What the hell is going on at Harris County Constable Precinct 4? That’s been the question on everyone’s mind for the last few weeks since the news broke that over 20,000 items of evidence were destroyed. It’s hard to even visualize what 20,000 pieces of evidence looks like, how much space it consumed in the Precinct 4 evidence room. According to a September 2, 2016 article written by Zach Despart for the Houston Press, the number of missing individual pieces of evidence is 21,500, affecting 1,072 open cases and an additional 600 defendants who were already convicted. In the time since the debacle came to light, the Harris County District Attorney’s Office has dismissed 142 cases.

The numbers don’t add up. It is believed that the bulk of the evidence destroyed is drug evidence. The vast majority of drug cases involve a minimal amount of drugs, usually less than one gram and by a wide margin, cocaine in either powder or rock form, is the most prevalent controlled substance seized. Less than a gram of cocaine can be anything from residue in a crack pipe to one or two rocks of crack. If 21,500 individual pieces of evidence were destroyed, it defies logic that only 1,672 past and current cases and defendants are in question. If we are to believe the numbers, there are, rather were, 13 pieces of evidence per case.From the looks of things, District Attorney Devon Anderson, Precinct 4 Constable Mark Herman and former Precinct 4 Constable and current Harris County Sheriff Ron Hickman are chasing their tails in circles and don’t have any idea how many cases are really affected. Or maybe they do but are unwilling to disclose the real scope of the damage until they figure out how they’re going to handle it. Frankly, as a law enforcement agency, Precinct 4 has never been well-regarded for the quality of its officers or investigations. Brian Rogers of the Houston Chronicle, reported on September 2, 2016, that Precinct 4 has been unable to provide the DA’s office with a complete list of pending cases affected. It seems more likely that considerably more cases are involved than the 1,672 reported by the DA’s office.

How could something like this happen? Was it criminal conduct or just plain stupidity. Mark Herman said he did not learn about the destroyed evidence until March or April of this year and fired the deputy responsible after an internal affairs investigation determined the deputy committed “some gross policy violations” but whether there was “a gross violation of the law” he will leave to Devon Anderson and investigators. How does one make a mistake of such epic proportions? How did Herman miss this? I thought about the movie The Untouchables and the speech Kevin Costner as Eliot Ness gave to police officers assigned to his task force to dismantle Al Capone’s bootlegging business during Prohibition. I looked all over for it and couldn’t find it but it goes something like this, “If you’re going to drink, drink whiskey and not vodka. I would rather know you’re drunk than think you’re stupid.” In this case we can’t help but walk away with a clear sense that this was a monumental case of stupid. There is a chain of command, policies and protocols or at least we would think there are. Did the deputy at the center of this embarrassment do it on his own? Was he supervised? Was he given a list of evidence to destroy and if he was who gave it to him? How was the evidence destroyed? Where was it destroyed? But these are not the most important questions, not by a long shot.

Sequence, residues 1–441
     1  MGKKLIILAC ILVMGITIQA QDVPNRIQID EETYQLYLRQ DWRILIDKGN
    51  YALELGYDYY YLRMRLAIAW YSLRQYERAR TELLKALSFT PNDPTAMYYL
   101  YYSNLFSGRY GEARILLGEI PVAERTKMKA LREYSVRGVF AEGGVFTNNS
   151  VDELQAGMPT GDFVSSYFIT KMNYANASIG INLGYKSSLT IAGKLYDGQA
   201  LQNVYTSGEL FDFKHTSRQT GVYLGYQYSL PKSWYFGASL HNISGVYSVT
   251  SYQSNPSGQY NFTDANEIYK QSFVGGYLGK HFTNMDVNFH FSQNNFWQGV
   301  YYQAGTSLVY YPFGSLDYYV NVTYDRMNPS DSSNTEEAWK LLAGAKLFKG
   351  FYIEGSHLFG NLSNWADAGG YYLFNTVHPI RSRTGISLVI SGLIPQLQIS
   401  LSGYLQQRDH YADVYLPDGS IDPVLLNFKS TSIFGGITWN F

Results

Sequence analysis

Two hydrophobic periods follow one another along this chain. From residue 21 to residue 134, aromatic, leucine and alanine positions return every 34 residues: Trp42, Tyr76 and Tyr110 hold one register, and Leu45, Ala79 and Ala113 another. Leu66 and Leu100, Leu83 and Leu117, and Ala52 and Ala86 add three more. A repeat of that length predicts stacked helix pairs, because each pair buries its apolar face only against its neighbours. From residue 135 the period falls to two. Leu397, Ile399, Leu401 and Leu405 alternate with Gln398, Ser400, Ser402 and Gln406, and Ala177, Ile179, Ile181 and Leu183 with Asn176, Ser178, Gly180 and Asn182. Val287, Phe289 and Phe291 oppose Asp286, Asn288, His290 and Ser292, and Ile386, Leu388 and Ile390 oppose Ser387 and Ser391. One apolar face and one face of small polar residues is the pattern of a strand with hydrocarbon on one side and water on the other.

The most important question is why in the hell did the DA’s office wait five months to notify the defense bar?

I understand that the DA’s Public Integrity Division has been investigating the case since Herman first told them about evidence being destroyed. I understand that investigations are confidential to maintain integrity and prevent further loss of evidence. However, in this case, Precinct 4’s Internal Affairs division conducted an investigation (not saying it was complete by any means) and the offending deputy fired. The DA’s office investigation was already compromised. But defendants were sitting in jail awaiting court dates and pleading guilty in cases the DA’s office was unable to make because the evidence had been destroyed and nobody said a word. There is no excuse, no justification for not immediately informing lawyers whose clients were affected.

The second most important question is when were the rank and file prosecutors told the cases they were responsible for prosecuting were compromised?

From what I have seen so far, it appears the administration didn’t tell the line prosecutors until the story broke. And why weren’t they told earlier? We can’t blame the rank and file for the administration’s blunders; however, this should serve as a lesson in humility. I can’t count the number of times a prosecutor — usually not one of the good ones — has scoffed or bluntly told me he or she does not believe anything my “lying piece of shit client says” when I have presented a defense but they sure took offense when I questioned the integrity of an officer or investigation. Prosecutors, this case right here is why we question the integrity of some, not all, officers and some, not all, police investigations. And the administration’s handling of this cluster is why some are questioning your integrity. Not a good feeling, is it? Most of the prosecutors I deal with are good people, people I respect and who treat my clients fairly. For the prosecutors who could benefit from a little more training in how they wield their authority, perhaps you should consider this situation before your next smug remark or before you mount your high horse and ride it all over a defendant.

Police agencies have a sacred duty to preserve all evidence and maintain the integrity of their investigation because as often as evidence seals the fates of our clients that evidence has in many cases also served to exonerate them. If the State can’t prove it’s case because an officer, a police agency or a prosecutor screwed the pooch that’s the State’s problem. Don’t wait. Don’t sit on the problem while defendants rot in jail. Do the right thing and dump the case because it’s, I don’t know, one of those quaint little constitutional things. Justice demands it.